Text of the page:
- India, Singapore, Sri Lanka firms investing
- 99.6% of the rock removed, remainder needs $ 3 m
- Full port operations due after rock removal
By Shihar Aneez
Reuters: Sri Lanka’s Ports Authority on Wednesday said it has approved $610 million investment in large warehousing projects for sugar, fertiliser, and bottle manufacturing at its new port in Hambantota, due to start commercial operations this year.
The $ 1.4 billion port on the southern coast of the Indian Ocean island nation is among the single largest investment opportunities opened to outside investors since the end of a 25-year civil war in 2009. The Ports Authority has secured around $ 1 billion in investment into secondary port facilities, including warehousing, as Hambantota gears up to attract 2,500 ships annually when it opens.
“We have approved $ 610 million from three firms to start warehousing in a sugar refinery, fertiliser bagging and bottle manufacturing,” Sri Lanka Ports Authority Chairman Priyath B. Wickrama told Reuters.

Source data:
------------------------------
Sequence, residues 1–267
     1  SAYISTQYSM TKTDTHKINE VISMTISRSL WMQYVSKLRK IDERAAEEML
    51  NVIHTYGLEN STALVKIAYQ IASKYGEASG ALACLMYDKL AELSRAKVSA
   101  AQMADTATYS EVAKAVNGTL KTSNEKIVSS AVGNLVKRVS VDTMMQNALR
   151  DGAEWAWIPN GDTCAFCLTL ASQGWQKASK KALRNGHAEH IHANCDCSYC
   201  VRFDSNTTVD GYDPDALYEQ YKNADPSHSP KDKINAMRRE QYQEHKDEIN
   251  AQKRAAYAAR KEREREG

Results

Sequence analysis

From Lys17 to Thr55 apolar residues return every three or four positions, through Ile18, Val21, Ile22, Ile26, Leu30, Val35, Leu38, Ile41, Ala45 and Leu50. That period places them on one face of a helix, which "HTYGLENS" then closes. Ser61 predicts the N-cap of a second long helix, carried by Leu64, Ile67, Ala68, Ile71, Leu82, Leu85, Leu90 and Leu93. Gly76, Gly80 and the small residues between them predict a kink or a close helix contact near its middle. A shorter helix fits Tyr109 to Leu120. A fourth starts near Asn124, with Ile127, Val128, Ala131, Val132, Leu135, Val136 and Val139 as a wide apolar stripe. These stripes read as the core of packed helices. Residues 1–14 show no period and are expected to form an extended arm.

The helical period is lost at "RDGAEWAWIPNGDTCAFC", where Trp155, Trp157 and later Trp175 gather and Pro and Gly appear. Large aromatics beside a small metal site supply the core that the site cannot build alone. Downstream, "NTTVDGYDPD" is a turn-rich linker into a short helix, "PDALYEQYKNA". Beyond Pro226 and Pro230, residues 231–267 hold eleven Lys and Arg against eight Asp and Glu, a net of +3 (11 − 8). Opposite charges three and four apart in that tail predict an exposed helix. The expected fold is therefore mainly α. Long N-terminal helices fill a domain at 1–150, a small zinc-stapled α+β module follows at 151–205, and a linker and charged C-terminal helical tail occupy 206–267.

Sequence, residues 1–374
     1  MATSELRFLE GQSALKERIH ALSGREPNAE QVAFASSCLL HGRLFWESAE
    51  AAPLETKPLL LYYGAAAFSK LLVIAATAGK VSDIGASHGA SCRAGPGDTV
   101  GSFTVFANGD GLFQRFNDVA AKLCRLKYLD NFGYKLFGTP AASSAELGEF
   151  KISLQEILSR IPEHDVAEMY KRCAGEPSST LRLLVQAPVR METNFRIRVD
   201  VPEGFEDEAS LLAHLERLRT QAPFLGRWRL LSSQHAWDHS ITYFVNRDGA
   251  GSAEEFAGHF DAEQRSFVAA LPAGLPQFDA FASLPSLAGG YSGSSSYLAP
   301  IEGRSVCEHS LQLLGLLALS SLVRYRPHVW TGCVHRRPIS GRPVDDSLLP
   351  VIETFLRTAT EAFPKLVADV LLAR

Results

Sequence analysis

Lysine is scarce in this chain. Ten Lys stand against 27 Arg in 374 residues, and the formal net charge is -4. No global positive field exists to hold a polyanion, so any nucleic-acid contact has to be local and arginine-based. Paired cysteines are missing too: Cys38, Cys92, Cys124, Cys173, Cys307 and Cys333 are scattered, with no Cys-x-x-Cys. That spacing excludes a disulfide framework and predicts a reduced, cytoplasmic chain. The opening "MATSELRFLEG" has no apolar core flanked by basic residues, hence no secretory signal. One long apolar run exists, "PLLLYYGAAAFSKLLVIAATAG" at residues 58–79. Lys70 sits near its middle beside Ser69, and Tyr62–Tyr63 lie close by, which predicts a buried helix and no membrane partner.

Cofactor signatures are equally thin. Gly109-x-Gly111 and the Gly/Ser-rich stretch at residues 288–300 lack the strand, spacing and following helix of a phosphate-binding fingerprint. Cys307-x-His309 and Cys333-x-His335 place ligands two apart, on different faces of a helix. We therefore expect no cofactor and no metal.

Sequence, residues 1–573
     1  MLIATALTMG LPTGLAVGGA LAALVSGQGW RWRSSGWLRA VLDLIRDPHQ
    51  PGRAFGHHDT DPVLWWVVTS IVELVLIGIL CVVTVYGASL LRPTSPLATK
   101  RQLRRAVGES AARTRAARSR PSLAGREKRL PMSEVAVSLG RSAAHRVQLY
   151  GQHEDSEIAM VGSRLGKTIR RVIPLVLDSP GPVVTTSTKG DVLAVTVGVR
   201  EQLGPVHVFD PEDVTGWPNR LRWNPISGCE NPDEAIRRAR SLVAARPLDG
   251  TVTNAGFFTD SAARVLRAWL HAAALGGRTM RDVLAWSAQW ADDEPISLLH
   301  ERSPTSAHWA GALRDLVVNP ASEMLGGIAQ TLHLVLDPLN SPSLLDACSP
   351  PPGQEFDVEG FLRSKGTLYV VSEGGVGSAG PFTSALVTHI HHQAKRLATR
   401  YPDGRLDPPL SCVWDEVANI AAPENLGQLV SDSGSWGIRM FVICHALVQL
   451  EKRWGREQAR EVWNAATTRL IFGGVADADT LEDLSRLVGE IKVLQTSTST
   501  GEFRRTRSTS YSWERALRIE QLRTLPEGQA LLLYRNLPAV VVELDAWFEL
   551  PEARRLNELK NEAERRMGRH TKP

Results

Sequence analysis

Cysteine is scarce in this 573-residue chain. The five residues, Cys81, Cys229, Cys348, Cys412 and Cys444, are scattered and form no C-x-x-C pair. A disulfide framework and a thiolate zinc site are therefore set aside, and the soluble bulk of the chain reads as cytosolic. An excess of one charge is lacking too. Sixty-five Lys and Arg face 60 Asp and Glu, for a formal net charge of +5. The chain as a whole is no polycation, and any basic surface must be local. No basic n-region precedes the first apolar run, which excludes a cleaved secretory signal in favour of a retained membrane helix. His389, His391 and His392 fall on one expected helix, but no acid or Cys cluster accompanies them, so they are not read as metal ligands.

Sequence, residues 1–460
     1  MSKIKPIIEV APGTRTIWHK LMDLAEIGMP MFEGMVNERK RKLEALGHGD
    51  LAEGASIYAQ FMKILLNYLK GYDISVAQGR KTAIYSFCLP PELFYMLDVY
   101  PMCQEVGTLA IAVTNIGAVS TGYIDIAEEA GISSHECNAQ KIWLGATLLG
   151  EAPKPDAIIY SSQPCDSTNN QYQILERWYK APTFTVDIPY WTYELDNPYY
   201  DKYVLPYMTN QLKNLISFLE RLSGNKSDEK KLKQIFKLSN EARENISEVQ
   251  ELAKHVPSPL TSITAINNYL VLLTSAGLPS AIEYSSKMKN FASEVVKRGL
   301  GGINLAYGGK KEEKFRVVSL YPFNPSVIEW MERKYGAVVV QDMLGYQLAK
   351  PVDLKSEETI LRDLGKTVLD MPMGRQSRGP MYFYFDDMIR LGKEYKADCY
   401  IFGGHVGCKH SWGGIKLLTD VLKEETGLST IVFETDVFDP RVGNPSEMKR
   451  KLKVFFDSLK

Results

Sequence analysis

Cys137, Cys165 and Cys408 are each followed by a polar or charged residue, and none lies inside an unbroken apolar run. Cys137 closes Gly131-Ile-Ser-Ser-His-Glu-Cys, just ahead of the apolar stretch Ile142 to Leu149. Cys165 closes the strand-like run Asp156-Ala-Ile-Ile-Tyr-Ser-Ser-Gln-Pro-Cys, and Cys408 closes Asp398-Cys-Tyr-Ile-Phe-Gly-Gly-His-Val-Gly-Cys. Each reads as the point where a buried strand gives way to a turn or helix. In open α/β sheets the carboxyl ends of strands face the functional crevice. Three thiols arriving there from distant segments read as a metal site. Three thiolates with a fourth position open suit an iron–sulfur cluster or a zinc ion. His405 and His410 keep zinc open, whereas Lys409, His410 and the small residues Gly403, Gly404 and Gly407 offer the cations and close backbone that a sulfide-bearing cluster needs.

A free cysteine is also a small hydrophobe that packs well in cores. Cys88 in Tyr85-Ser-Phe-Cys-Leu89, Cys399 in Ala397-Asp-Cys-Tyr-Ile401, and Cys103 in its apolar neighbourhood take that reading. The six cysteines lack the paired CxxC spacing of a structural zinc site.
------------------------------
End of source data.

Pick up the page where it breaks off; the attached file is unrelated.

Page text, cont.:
The new port is located about two km from one of the world’s biggest east-west shipping lanes.
India’s Shree Renuka Sugars, Singapore’s Peak Energy and Sri Lanka’s conglomerate Hayleys will together invest $ 610 million in sugar refining, bottle manufacturing, and fertiliser bag production respectively, Wickrama said.
“They will be starting operations before the end of next month. We also have unapproved proposals worth $ 30 million to start cement manufacturing, vehicle assembling, and building three more warehouses.”
The operators of large commercial ships have already discussed business opportunities with the ports authority, he said.
They will call on Hambantota after the removal of seabed rocks which are partially obstructing harbour entry for deep-draft ships, the cost of which is being paid for out of a $ 40 million Chinese loan, Wickrama said.
“We’ve already completed 99.6 per cent of the rock removal and we need around $ 3 million for the remaining. The rest of the loan will be spent on remaining construction and for contractors,” Wickrama said.
Sri Lanka is banking on the port to help fuel annual growth targets of 8-9 per cent in its $ 50 billion economy.
China on commercial terms loaned a combined $ 1.24 billion to build the port and a four million metric tonne fuel bunkering facility, all of it built by Chinese engineers – much to the chagrin of neighbouring India.